Uzbekistan caught in tug of war with US and Russia
Uzbekistan possible accession to the Eurasian Economic Union (EAEU) has sparked a minor dispute between the US and Russia.
US Trade Secretary Wilbur Ross asked an Uzbek delegation in Washington last month to reconsider the move to join the EAEU, adding that it could delay Tashkent’s accession to the World Trade Organisation (WTO).
Russian Prime Minister Dmitry Medvedev accused Washington of promoting unfair competition in Central Asia, adding that the Kremlin would continue expanding its role.
Last month Valentina Matviyenko, the chairwoman of Russia’s upper parliamentary house, the Federation Council, said during a visit to Tashkent that Uzbekistan’s president, Shavkat Mirziyoyev, had committed to making a decision on EAEU membership.
“We know that it had been announced, that the president of Uzbekistan has made a decision, and that the decision about Uzbekistan joining the Eurasian Economic Union is being worked out,” Matviyenko told the Uzbek rubber-stamp parliament.
If Uzbekistan – with the region’s biggest population – were to join the body, it would signal Central Asia firmly entering Russia’s sphere of influence. Kazakhstan and Kyrgyzstan are already EAEU members. Uzbek membership would mean 80 per cent of Central Asia’s population was inside the Russian-led bloc.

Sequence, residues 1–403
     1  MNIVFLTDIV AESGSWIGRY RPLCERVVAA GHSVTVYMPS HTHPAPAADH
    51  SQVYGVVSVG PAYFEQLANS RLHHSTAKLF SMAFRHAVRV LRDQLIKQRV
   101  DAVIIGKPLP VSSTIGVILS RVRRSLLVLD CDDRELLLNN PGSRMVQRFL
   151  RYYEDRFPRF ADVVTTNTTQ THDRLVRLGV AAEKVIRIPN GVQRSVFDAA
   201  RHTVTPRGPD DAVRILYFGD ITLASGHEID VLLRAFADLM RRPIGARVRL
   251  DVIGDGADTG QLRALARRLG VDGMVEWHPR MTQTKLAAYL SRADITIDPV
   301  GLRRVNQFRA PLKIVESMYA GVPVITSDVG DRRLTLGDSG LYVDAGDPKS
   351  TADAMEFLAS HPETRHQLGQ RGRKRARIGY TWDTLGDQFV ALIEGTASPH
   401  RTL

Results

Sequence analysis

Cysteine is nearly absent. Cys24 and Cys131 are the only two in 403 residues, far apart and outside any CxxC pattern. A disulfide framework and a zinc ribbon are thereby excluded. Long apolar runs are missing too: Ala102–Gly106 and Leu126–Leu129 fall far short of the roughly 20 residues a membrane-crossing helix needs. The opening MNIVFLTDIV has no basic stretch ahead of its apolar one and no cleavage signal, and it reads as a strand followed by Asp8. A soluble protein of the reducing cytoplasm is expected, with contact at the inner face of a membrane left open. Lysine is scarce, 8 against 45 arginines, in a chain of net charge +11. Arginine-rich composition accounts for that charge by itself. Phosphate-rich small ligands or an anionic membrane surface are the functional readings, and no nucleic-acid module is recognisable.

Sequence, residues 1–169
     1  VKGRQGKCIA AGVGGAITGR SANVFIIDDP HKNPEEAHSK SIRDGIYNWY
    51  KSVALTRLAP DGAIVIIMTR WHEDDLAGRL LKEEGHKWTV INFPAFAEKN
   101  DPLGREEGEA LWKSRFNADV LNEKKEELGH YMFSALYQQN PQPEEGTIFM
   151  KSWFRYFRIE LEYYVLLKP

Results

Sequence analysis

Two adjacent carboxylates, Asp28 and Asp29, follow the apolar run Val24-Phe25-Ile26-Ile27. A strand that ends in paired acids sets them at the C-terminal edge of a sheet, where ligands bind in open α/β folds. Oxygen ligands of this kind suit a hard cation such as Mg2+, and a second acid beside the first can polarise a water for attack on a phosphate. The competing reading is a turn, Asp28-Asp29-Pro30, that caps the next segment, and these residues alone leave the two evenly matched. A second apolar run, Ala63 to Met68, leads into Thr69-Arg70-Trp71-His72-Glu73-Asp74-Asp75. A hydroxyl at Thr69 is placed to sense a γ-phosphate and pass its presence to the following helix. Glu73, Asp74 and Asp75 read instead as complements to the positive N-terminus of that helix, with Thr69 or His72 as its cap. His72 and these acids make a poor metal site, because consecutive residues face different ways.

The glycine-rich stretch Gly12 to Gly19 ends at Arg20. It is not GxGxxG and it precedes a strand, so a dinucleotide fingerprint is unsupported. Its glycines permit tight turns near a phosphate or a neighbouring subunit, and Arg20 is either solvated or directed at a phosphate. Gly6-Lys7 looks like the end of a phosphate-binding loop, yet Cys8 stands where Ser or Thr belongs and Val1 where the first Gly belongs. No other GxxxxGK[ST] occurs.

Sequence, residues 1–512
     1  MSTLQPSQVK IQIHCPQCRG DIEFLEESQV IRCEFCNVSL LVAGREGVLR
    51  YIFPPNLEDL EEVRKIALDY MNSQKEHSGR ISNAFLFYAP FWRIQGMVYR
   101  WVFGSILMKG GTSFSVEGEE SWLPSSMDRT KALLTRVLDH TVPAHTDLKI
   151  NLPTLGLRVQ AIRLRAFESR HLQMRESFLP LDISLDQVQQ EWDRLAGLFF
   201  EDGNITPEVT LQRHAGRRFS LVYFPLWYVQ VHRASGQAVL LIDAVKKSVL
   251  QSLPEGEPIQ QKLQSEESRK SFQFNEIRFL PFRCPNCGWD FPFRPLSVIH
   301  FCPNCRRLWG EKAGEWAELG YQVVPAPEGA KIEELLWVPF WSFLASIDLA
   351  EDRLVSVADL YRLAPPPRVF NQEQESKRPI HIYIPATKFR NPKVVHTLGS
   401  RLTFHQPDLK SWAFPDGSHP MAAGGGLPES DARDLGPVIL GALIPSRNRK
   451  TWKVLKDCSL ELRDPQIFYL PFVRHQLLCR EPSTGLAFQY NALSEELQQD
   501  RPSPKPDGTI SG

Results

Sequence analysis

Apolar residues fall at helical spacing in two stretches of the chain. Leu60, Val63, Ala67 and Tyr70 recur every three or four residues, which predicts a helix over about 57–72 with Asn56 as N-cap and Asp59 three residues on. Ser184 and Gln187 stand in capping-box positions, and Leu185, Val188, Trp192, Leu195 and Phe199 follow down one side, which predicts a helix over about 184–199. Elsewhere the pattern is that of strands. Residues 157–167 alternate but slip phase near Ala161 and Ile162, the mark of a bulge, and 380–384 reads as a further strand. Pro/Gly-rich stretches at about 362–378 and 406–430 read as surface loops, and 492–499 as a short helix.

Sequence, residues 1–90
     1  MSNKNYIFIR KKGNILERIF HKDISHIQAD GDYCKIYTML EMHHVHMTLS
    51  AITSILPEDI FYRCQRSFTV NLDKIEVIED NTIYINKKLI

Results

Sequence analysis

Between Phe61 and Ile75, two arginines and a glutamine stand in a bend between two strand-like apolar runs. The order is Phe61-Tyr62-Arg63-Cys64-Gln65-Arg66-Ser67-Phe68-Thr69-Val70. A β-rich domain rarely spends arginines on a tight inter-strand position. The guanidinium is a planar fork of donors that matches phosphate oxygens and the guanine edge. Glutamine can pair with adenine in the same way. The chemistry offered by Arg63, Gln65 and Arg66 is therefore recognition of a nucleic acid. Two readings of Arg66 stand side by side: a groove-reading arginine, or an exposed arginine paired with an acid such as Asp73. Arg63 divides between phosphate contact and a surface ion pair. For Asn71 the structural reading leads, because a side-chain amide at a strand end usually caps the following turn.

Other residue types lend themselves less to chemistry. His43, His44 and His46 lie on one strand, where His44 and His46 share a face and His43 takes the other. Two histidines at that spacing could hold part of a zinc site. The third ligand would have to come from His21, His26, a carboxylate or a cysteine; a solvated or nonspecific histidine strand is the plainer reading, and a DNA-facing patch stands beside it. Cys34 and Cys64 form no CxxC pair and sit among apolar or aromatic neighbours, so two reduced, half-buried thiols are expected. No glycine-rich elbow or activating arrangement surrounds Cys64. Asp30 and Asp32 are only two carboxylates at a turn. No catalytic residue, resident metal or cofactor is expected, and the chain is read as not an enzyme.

Prominent Uzbek businesswoman Aziza Umarova posted on Facebook: “I fear that we do not have enough qualified manpower to conduct negotiations with the Russians. From the experience of others, I would note that we will probably be unable to fight for technical regulations for our exports that would benefit us.”
The business chief, who has political ambitions, said the EAEU membership would isolate Uzbekistan and chain it to an economically troubled Russia.
“There would be no way back. Absolutely none. There could be no quiet divorce,” she argued, adding the ominous tag #backtoussr.
Washington is unlikely to jeopardise its ties with Central Asian states over their decision to join the EAEU.
The US priority in Central Asia is “resistant to becoming jihadist safe havens”, the US National Security Strategy recently reported. It is unlikely that the US will jeopardise its policy of containing the spread of fundamentalism over Tashkent’s decision to join a loose multilateral body run from Russia.
But Uzbekistan has renewed its efforts to join the WTO member after holding its last previous negotiation in 2005. In July this year, Uzbekistan submitted an application to restart negotiations on membership of the global trade body.
The Uzbekistan regime will want to retain US support in the process.
Losing Washington as a partner in the WTO accession process would be a setback. Most other EAEU members are already in the WTO and there is no reason why Tashkent should be forced to choose. But the fraught nature of the bilateral relationship between Russia and the US is forcing third parties into binary choices.
The Uzbek economy is in need of a boost. Picture credit: Eurasia Times